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Anonymous V


I guess it really doesn't matter how or why it happened. It is just a fact of life that I live with everyday. Realizing that you are HIV positive is a life-changing experience. At times it cannot even be described in words. But I can honestly say that being positive for three years of my life has only been a truly positive experience. Sharing it with others has been an even more beautiful experience.

We learn something from every person that we encounter on a daily basis. It is amazing the way a stranger can affect our lives and even more powerful how the people we love and that love us can change our lives. I believe we are who we are because of our experiences and the fact that we take something of each person who touches us. That is what I think makes people so beautiful. People are also funny. You never really know what reaction you will get from them from the simplest news to life's most shattering.

I think very carefully on who I choose to reveal my status, not because I am afraid of what they will think but just for the simple fact that when you tell someone that you are HIV positive it becomes a part of their life too. Every person who I have shared my story with has become completely affected. A really good friend told me it felt like someone was telling her she was positive. God has really blessed me with wonderful people in my life.

At the young age of 20 I began my mission of what was my purpose in life. It was also at the same time that I tested HIV positive. I had been doing so much thinking about school, work, and what I wanted to be when I grew up. I was looking for my niche, a place to belong, some direction. I always knew I wanted to help people. I wanted to be of some kind of service. I wanted to feel like my presence in this world or my actions could actually change someone else's life.

When I tested positive I thought my life was over. I went into a state of nothingness that lasted for some time. My dreams and aspirations also got lost somewhere in my self-pity. All of a sudden I didn't know what I wanted to do. It was as if someone turned the lights off in my brain and I didn't know my own way around. I think that is the saddest thing that I let happen. I let the disease control my life. It consumed my life instead of being a part of it. I guess the best analogy can be it was like a bad relationship you just can't let go of. Every now and then you go back for more.

Now at the age of 24, I am proud to say that we finally broke up. I dumped my pity party. I know what helped me is that I have so many wonderful people who love me. I can honestly see that now. Having a chronic illness can really put perspective in your life. At least it did mine. Things get a little clearer each day. With every person that I share my status it only makes my life easier and better. I realized that my boyfriend, my family, and my friends will bend over backwards for me. But what I see now is that they have always done so. Nothing has really changed. I don't think that just because you are sick there should be a negative change in your life; on the contrary it should be a life long lesson.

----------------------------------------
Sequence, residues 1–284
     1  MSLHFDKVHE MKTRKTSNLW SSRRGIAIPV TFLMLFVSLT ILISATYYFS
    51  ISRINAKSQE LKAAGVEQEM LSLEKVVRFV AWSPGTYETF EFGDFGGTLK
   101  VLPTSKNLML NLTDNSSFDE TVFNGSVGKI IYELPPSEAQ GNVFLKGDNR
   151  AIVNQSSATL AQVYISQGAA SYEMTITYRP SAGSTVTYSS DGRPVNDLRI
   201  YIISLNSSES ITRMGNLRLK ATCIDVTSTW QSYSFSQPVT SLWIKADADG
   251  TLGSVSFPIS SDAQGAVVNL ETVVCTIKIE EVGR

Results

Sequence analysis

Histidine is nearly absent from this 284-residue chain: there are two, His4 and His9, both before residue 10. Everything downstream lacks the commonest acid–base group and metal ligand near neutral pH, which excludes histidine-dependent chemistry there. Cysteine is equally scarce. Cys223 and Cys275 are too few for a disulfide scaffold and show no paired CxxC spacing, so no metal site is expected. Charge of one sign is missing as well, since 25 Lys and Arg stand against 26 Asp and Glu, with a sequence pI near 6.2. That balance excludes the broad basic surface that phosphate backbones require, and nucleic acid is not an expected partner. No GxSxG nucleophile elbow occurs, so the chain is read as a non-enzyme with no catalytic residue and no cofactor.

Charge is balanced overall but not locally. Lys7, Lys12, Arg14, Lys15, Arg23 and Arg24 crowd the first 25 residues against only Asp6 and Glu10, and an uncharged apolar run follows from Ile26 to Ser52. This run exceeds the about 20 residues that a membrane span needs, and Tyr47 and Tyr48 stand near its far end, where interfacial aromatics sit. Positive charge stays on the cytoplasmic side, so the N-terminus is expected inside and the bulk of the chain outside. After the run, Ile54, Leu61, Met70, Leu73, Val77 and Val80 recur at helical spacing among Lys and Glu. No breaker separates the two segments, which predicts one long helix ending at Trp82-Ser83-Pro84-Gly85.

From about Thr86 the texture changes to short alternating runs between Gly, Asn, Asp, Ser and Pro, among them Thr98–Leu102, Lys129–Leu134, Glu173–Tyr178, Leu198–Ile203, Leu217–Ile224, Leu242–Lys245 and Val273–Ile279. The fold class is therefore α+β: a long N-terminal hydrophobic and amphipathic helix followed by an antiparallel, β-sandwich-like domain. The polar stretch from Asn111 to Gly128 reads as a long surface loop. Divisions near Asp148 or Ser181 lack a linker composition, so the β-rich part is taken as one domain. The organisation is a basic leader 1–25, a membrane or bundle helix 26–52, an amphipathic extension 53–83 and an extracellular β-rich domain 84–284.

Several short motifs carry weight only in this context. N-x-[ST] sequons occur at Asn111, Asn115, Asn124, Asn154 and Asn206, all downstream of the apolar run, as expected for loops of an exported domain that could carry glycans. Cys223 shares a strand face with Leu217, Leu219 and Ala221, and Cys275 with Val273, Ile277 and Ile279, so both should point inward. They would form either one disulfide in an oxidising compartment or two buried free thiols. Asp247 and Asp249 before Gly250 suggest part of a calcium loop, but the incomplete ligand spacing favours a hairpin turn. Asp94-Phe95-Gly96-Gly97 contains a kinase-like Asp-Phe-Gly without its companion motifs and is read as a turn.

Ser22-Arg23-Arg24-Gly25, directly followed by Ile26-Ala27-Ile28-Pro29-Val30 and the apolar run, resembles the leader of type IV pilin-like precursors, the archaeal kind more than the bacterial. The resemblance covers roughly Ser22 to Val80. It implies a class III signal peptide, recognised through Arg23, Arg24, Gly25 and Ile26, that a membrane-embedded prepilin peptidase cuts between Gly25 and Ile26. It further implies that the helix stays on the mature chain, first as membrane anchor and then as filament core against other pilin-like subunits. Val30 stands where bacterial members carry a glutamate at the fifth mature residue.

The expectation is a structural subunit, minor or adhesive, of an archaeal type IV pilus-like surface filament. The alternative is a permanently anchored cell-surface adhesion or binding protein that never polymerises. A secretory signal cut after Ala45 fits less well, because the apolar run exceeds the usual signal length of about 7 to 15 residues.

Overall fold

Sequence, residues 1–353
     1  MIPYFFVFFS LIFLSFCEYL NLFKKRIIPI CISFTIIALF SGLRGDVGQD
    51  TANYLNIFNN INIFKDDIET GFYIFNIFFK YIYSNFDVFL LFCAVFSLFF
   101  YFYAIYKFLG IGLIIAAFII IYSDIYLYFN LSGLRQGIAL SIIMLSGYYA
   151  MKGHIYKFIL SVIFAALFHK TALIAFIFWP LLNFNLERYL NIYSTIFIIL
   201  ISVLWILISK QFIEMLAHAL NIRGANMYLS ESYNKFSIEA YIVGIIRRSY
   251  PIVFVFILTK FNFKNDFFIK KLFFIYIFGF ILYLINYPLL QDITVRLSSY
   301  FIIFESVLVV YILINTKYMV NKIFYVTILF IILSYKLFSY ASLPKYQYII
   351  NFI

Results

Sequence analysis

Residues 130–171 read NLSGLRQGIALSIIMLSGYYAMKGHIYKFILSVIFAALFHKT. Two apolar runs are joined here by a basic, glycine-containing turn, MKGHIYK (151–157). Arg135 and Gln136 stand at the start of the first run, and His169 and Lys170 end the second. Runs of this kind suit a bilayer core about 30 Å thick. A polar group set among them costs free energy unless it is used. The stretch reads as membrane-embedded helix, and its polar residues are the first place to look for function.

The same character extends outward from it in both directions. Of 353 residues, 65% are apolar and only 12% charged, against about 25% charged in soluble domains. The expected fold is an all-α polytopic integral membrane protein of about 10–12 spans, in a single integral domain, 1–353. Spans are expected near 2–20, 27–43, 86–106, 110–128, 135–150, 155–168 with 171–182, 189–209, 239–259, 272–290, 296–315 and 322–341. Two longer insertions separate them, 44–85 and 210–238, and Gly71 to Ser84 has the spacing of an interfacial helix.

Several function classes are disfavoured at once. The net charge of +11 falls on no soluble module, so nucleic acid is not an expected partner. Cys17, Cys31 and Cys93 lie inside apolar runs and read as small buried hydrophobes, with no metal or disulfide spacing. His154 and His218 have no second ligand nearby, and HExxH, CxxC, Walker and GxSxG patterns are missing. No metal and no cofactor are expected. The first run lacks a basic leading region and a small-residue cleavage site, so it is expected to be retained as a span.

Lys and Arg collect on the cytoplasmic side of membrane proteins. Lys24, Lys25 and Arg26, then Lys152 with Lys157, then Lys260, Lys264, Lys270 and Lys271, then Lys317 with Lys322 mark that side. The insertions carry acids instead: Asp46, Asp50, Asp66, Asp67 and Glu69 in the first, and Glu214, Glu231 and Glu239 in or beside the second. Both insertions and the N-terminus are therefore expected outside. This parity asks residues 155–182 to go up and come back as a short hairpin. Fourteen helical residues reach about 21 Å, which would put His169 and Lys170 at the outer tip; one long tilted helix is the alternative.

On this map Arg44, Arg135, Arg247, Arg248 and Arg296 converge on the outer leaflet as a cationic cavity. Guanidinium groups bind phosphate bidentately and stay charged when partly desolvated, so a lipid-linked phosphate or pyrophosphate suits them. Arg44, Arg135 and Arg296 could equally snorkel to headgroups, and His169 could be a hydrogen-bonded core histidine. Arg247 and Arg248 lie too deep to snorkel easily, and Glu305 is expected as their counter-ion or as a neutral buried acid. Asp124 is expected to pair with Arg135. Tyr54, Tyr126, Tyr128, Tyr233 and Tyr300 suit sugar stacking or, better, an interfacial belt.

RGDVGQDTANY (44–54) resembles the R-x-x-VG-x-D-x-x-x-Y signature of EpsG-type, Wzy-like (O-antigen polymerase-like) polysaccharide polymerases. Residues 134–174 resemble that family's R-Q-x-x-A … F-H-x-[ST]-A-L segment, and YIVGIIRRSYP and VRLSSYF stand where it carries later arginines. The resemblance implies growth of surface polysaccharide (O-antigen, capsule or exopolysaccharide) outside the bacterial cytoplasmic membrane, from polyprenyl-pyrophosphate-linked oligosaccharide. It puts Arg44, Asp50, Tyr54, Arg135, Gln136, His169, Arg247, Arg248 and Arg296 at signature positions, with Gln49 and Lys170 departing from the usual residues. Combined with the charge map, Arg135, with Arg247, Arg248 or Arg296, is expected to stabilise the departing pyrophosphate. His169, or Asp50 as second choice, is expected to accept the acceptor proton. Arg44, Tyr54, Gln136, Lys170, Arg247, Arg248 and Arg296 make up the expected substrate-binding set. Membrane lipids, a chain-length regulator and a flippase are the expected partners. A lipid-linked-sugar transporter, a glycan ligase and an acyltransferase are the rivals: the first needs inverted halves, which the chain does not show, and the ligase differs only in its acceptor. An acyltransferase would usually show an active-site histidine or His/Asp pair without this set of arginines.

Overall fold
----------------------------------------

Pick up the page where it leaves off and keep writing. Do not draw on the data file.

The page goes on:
I guess the best way to describe it is the way my friend did when I told her I was positive. What was ironic about it was that even though we are on opposite ends we both had the same reaction, the same feelings, and the same inspiration. I look at my situation, my life as a gift. My status has really put my life into perspective and I don't know whom to thank.

I feel more alive now than I have in a really long time. Like I remembered what life is about, a feeling for life that I couldn't find again on my own. My friend made me realize this when she said, "I used to look for the depth in things, in me, in a partner, in life. But as I start to do the accumulations of things, and enjoy life we both came to realize it is really the lightness, the simple things, the not obsessing, but just accepting."

The not needing, but just the loving... not the seriousness but the laughter. The music and children, the random idea, the useless action, the kindness of small acts, the words you just say without any thought to them. The automatic "wow" of a situation or an inspiration. The hunger of looking forward to tomorrow and learning something new. The opportunity of loving someone wholeheartedly.

I think the greatest response or reaction to revealing my status was a compliment. My friend told me that she couldn't help thinking about me and these last few months that we have been talking. Just thinking all this time when she has seen me. She said, "I would have never known, you are always the same person, and I've always admired that, but now in light of all this, I am absolutely moved by it. Something I can't even begin to express."

I thought that was the sweetest thing that anyone could ever say. That was my inspiration and one of the greatest gifts that I have received from someone -- a part of their heart, their honest true feelings. I guess at whatever point you stop to look at your life, and decide whom you will tell and not tell. I've learned that I am a better person for having lived, loved, and shared with others my positive experiences. I realize now that I have been doing what I have always wanted to do. In sharing myself, and my story with others I have been a service to every person's life I touch, and that is my greatest gift.

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This article has been reprinted at The Body with the permission of AIDS Project Los Angeles (APLA).

This article was provided by AIDS Project Los Angeles. It is a part of the publication Breaking the Silence... (Rompiendo El Silencio). You can find this article online by typing this address into your Web browser:

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